They tell me everyone grieves in her own way. During my husband’s illness with pancreatic cancer I learned that a friend from graduate school had lost his son Sam to a car accident. Though it had been many years since we had spoken, my heart sank. I knew that John dearly loved his children as his moniker in school had been “Max’s Dad;” hence, this would be a difficult loss. Over a year later, after my husband’s death, we met. I shared with John my own sad news and we discussed grieving. The subject of books on grieving came up and John expressed disdain for most of the ones given to him. However, his face lit up at mention of Joan Didion’s “The Year of Magical Thinking.” He said “That part about her husband needing his shoes when he returns” had struck a true chord with him.
In my case it was my husband’s truck, a pristine 1998 Toyota Tacoma. After his death, I always saw it in the driveway first thing in the morning and last thing in the evening. If his truck was still there so was Mike. It represented a piece of him in many ways: the fastidious of his persona- the truck immaculately clean and unmarred, his love of apes- a stuffed white gorilla hanging from the mirror, the outdoorsman- his tent and fishing tackle ever ready in the back seat. I can still picture him driving the truck- a baseball cap perched on his bald head, sunglasses on and a slight smile on his bearded mustached face as I yakked away. He always drove us everywhere in this truck or my car. I regret not having any pictures of him with the truck as its life was as long as our lives together. Before relinquishing the truck to his sons, I took many pictures from all angles in hope that he would somehow magically appear.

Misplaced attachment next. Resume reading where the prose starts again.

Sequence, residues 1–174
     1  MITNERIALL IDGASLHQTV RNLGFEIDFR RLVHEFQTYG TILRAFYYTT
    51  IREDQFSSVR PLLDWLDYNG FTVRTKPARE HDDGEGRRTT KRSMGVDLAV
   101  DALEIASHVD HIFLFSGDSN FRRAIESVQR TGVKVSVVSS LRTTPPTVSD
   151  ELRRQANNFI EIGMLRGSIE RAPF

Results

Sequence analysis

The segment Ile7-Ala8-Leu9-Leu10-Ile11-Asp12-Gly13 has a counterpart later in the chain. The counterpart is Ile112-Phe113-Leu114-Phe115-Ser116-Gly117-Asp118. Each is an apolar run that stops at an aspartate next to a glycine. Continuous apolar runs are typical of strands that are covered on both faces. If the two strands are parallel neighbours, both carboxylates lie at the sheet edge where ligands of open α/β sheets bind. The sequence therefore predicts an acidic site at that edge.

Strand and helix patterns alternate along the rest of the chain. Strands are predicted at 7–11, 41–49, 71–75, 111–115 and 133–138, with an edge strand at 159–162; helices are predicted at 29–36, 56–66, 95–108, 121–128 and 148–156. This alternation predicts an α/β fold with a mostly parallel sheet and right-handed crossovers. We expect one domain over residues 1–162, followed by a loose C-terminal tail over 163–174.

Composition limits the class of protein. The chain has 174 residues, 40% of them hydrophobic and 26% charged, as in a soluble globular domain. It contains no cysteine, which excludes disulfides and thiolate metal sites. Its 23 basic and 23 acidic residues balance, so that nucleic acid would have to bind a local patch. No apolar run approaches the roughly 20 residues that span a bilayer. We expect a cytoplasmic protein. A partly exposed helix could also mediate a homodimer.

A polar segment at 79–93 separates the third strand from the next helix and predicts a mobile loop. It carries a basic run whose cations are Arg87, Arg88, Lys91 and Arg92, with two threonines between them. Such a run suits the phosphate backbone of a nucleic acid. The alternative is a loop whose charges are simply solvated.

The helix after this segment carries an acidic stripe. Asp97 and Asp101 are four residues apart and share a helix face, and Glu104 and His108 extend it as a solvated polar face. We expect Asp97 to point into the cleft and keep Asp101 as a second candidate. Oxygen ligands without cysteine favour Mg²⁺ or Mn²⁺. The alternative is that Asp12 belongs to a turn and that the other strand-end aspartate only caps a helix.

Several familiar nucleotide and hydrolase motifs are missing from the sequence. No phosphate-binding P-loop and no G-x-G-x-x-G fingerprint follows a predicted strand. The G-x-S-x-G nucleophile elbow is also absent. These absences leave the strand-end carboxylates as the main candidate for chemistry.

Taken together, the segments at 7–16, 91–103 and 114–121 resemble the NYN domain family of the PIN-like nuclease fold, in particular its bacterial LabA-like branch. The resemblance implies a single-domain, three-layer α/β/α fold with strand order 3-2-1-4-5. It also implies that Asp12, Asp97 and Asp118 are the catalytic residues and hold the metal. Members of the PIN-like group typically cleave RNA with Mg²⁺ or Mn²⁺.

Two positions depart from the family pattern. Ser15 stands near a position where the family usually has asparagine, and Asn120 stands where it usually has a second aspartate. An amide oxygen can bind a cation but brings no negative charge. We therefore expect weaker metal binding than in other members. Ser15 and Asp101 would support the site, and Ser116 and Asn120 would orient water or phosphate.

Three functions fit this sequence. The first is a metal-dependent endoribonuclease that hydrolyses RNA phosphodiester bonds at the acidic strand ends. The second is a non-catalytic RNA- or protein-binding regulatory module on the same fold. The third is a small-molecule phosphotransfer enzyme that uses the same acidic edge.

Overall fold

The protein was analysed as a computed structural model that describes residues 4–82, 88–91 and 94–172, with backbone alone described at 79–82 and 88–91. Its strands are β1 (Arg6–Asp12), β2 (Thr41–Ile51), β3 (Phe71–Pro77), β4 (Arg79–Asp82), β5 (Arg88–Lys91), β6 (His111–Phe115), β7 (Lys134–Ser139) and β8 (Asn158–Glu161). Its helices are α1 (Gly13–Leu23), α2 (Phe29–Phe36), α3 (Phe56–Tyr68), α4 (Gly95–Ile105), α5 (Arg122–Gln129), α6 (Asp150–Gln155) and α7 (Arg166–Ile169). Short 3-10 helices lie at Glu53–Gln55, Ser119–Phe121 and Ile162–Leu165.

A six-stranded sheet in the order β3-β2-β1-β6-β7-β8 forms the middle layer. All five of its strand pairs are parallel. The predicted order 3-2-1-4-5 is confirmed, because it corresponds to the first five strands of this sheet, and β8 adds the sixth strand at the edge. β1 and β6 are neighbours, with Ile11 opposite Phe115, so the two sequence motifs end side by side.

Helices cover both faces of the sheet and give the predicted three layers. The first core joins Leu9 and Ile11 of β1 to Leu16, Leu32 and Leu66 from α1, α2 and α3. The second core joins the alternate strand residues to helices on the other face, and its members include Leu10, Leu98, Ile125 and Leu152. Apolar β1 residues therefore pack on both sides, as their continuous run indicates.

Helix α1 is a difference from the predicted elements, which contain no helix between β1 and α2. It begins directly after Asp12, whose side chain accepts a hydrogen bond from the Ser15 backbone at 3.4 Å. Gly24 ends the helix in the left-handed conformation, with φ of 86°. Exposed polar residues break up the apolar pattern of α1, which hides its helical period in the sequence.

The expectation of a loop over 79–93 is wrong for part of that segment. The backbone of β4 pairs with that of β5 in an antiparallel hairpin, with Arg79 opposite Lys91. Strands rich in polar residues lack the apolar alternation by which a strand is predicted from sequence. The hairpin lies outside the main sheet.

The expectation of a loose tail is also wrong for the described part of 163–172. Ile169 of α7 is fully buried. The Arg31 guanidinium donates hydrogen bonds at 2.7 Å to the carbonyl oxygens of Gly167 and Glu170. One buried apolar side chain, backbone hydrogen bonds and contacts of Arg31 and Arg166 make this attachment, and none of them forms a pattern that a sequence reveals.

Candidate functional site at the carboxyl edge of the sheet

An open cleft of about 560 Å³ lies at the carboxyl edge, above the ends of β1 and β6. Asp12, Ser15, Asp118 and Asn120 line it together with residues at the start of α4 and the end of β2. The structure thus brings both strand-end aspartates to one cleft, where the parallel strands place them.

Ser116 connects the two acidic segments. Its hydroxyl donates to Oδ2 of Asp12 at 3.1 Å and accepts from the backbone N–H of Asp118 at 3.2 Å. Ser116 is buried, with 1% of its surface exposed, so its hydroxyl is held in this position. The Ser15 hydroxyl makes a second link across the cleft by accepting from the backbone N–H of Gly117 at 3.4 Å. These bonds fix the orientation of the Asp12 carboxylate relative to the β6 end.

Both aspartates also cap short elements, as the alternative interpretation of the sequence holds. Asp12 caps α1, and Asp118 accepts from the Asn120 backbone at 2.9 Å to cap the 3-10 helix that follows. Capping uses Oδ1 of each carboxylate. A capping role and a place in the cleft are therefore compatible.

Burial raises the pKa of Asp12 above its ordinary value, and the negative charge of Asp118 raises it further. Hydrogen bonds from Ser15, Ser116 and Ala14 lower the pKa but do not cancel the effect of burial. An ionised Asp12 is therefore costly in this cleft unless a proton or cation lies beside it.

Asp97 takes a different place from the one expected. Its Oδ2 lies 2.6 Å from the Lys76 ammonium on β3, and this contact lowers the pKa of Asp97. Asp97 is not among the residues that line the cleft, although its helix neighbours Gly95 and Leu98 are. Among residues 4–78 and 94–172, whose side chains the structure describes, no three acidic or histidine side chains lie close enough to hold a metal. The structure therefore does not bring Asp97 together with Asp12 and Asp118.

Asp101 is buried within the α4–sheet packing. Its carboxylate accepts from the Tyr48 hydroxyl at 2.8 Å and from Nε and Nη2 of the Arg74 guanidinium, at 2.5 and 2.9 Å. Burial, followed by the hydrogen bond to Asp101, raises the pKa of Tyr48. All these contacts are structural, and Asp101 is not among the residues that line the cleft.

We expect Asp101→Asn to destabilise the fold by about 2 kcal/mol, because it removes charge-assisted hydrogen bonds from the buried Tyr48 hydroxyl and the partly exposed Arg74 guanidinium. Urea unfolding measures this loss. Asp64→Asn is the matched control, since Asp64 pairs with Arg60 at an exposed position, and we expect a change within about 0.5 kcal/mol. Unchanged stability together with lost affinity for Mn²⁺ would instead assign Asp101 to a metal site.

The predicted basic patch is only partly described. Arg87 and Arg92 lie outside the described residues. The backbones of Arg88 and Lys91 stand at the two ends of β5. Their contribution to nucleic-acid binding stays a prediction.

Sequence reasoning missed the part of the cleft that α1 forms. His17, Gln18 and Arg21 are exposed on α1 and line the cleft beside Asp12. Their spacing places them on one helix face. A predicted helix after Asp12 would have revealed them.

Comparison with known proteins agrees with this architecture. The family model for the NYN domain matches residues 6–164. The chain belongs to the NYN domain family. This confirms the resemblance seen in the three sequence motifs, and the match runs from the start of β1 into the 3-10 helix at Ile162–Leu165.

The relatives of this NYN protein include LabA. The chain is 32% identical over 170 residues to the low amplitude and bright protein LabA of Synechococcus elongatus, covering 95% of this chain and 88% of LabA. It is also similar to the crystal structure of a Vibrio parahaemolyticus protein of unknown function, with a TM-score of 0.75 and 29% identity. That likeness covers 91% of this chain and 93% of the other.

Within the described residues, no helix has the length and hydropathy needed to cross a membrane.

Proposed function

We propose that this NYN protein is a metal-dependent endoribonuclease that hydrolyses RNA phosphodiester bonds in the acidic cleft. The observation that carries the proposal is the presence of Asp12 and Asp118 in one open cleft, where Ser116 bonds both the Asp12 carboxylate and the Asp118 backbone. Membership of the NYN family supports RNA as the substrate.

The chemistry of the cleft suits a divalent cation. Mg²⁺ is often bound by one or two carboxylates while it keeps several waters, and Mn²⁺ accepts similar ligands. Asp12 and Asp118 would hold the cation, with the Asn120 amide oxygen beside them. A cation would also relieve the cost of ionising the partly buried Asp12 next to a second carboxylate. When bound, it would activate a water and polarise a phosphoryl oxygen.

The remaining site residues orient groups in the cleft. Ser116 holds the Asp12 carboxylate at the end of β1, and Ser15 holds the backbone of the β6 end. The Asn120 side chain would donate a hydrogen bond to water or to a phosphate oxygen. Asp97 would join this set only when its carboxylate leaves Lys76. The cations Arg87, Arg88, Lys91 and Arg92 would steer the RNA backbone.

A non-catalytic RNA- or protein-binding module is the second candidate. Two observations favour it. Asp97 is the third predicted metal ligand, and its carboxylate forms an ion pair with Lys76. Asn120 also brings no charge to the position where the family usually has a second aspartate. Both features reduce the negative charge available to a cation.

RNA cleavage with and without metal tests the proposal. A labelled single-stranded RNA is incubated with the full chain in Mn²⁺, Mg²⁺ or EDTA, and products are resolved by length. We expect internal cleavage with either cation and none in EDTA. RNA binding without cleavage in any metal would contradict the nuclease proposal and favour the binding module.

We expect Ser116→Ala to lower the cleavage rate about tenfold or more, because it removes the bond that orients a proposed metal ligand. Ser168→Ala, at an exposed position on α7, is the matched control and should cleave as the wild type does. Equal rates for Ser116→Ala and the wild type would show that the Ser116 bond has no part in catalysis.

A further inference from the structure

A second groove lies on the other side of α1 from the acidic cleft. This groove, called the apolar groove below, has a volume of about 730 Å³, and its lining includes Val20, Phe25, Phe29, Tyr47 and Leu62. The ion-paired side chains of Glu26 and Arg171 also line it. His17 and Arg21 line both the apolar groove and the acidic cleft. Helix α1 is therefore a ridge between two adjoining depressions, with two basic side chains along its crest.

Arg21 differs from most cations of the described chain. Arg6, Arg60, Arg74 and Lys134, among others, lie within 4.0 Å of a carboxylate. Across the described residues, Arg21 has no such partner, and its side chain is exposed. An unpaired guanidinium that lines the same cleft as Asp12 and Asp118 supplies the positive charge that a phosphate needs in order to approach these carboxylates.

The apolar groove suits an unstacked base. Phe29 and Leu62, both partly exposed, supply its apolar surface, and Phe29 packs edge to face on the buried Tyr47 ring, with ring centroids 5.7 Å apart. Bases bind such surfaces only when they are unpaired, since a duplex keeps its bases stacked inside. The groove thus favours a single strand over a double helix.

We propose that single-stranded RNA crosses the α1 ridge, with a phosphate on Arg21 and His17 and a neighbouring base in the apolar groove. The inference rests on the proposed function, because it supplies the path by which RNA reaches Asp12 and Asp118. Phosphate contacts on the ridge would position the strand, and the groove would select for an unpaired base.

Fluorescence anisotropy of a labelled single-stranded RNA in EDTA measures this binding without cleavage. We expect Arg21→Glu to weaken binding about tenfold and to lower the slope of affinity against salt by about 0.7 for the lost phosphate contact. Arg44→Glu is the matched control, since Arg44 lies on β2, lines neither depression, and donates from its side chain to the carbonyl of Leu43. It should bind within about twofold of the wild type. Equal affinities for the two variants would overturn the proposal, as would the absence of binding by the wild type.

No matter how expected a death may be, the protection that shock offers you during those first few days bewilders the mind. I simply could not understand why I didn’t feel anything. Then my friend Karin stated “Anne, that’s shock it’s protecting you.” At least now there was a reason for why I could think straight as I and his sons planned the funeral. The day after the funeral my friend Lisa and I drove out to the coast. She had never seen the Pacific Ocean and had offered a bit of art therapy at the beach. As we brought along the dog, Layla, the water color session had many interruptions as she scampered around. On the drive home the first inkling of emotional loss came upon me. I had brought along a mixed tape I had given Mike our first Valentine’s Day, Feb 1999. Magically, I had stumbled upon it the previous day. The love songs blared out as we chatted, but I stopped talking at the last one- Tracy Chapman’s “The Promise.” Tears leaked out as Tracy sung of patience, love and longing. The tape has been played many times since, even as I discovered other songs that teased out the emotions.
They tell me everyone grieves in her own way, but I believe we share similarities. We let go in pieces; however, random or planned. The memories stirred by the smallest sound byte, musical fragment or brief image. Staying busy we can go on for days not leaving a moment for reflection. But then, those moments descend upon us, transcend the space time continuum and transport us. Only then we feel the loss.
Have a lovely day,
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I originally wrote this in 2009 one year after Mike’s passing. I posted it to a social media site at work to which a number of fellow employees responded. Since then I have shared it with friends and co-workers who have lost a loved one. It is now 10 years after Michael Anthony Navarra died on 20 June 2008—summer solstice.
Joan Didion relayed her own journey of grief from her husband’s death, John Dunne with a raw honesty that both John and I identified with. I actually read it during Mike’s cancer treatment.
My classmate John Cohn began his blog site in response to his son Sam’s sudden death. John continues to blog almost daily where he shares “My life, loves and geekiness.” His family and friends created SamStones. “SamStones are made with love by Sam’s friends and family. Our intent with these stones is to pass on some of that love.”